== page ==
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Scripps Scientist Explains Beach Nourishment And Sand Movement Along The Coast

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Posted: Friday, June 21, 2019 12:13 pm

Bonnie Ludka, PhD, of Scripps Institute of Oceanography (SIO), spoke to about 40 people at the Tijuana River National Estuarine Research Reserve June 15 as part of the their bi-monthly speaker series.  

Ludka presented the results of her research into the movement of beach sand along the coast and the impact of beach nourishment on the closure of the Tijuana River in 2016.

Southern California beaches are experiencing a sand deficit. She explained that beach sand is normally created by sediment flowing from rivers and cliff erosion. Unfortunately, river sand that would normally flow into the ocean is now trapped behind dams that are present in every southern California river except the Santa Margarita river near Oceanside. 

Many southern California ocean cliffs have been armored to prevent erosion which further reduces the amount of natural sand available for the beaches.

Other sources of sand used to nourish beaches in the past were harbor dredging and excavation from development but both of these sources have slowed over the years.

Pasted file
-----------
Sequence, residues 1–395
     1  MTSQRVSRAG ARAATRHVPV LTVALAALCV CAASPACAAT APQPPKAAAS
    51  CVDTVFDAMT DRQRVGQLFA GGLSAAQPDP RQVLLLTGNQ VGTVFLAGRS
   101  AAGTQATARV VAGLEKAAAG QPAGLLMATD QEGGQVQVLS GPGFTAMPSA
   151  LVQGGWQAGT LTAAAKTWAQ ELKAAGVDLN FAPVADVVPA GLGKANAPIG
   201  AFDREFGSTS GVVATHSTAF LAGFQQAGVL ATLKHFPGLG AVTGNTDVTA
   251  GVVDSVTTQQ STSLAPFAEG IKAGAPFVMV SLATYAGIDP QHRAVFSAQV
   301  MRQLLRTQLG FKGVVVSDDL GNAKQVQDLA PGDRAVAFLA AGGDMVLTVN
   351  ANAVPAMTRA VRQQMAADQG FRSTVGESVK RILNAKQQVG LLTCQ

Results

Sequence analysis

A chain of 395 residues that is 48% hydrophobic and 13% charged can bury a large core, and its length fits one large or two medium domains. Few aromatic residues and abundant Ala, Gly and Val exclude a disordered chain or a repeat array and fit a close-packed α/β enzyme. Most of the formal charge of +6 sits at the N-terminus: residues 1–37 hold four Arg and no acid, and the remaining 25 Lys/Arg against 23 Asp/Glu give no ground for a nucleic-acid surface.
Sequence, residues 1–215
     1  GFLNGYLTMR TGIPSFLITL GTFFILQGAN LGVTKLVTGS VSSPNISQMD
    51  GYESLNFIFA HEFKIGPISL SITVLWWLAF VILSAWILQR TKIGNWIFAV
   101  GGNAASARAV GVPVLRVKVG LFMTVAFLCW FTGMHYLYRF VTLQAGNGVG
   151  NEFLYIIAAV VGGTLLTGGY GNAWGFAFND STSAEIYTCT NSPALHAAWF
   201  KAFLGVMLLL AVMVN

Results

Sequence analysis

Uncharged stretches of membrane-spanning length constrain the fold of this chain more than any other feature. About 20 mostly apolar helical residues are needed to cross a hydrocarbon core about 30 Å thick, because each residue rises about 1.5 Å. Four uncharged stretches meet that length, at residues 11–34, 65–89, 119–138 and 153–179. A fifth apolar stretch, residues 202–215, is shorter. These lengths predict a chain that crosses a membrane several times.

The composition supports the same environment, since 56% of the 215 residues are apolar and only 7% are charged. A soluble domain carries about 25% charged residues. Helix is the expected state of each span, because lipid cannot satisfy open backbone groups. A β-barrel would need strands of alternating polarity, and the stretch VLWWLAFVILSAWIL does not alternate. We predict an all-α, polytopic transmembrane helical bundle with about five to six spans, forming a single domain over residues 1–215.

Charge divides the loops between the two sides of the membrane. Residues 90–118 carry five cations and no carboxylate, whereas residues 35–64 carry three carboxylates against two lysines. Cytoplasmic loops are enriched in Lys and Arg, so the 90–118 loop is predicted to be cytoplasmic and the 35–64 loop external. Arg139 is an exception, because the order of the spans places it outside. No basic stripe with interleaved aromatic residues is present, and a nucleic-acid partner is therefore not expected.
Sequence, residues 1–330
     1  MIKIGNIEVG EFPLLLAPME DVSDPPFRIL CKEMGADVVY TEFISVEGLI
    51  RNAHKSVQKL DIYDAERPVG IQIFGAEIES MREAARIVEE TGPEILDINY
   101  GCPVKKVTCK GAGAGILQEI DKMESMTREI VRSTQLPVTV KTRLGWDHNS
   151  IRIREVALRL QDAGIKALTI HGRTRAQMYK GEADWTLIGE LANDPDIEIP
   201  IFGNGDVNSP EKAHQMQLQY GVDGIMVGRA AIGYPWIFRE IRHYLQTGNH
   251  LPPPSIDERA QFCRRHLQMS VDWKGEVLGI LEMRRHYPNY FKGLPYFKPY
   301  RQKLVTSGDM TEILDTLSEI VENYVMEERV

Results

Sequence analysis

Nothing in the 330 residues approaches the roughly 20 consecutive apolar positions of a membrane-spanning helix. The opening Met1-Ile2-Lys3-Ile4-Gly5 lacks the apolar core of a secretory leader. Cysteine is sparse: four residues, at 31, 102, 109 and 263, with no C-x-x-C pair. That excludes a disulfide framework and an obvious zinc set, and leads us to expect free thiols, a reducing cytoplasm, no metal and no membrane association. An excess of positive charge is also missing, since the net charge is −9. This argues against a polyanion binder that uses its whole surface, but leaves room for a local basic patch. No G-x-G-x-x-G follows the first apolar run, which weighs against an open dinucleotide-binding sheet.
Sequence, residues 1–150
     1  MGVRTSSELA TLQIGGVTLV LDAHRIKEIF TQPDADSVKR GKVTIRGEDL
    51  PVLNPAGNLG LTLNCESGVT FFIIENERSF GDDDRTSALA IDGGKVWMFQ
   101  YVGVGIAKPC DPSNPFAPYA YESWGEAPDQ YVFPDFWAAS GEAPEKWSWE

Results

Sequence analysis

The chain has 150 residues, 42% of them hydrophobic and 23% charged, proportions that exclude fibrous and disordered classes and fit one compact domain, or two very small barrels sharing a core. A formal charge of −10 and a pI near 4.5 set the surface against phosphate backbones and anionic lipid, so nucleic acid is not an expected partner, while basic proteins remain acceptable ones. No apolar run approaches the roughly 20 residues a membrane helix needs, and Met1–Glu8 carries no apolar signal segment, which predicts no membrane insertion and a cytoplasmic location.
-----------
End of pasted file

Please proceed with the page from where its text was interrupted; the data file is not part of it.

Beach nourishment is one way to address the sand deficit and Ludka’s research used beach nourishment events as natural laboratories to study how sand moves from the beach to the ocean and back, called cross shore transport, and how sand moves up and down the coast which is called long shore transport.

SIO has been measuring the amount of sand on Imperial Beach monthly for the past 11 years using all terrain vehicles, push dollies and jet skis. Since sand movement is primarily caused by wave action, they also measure waves using buoys that are part of the Coastal Data Information Program (CDIP). 

As many people have observed over the years, Ludka showed a chart which displayed the cyclical variation of beach width as waves from the north during the winter tend to remove beach sand while waves from the south during the summer tend to restore beach sand. Over time, more sand is removed in the winter than is replaced in the summer which causes the gradual reduction of beach sand over time. 

Imperial Beach’s most recent nourishment was in 2012 when the equivalent of 120 Olympic sized swimming pools of sand were placed on the beach. The sand grains used in 2012 were much larger than previously used which resulted in the sand lasting longer than previous nourishments. When other cities used sand that was the same size as native sand, the beach nourishment benefit only lasted a year or two. However, this coarser sand acted as a “sponge” and while the wider and higher beach protected infrastructure from direct wave action, it may have contributed to the flooding of homes along south Seacoast Drive.

Over time, much of the sand from this nourishment continued moving south which eventually filled the mouth of the Tijuana River requiring emergency dredging in April of 2016. While the additional sand from beach nourishment contributed to the 2016 closing of the Tijuana River, the 2016 El Niño event also played a major role. The Tijuana River previously closed in 1983 due to an El Niño even though there wasn’t any beach nourishment involved. 

Beach sand movement is an active area of research that is very complex and scientists expect that better modeling will help develop improved methods to maintain healthy California beaches.

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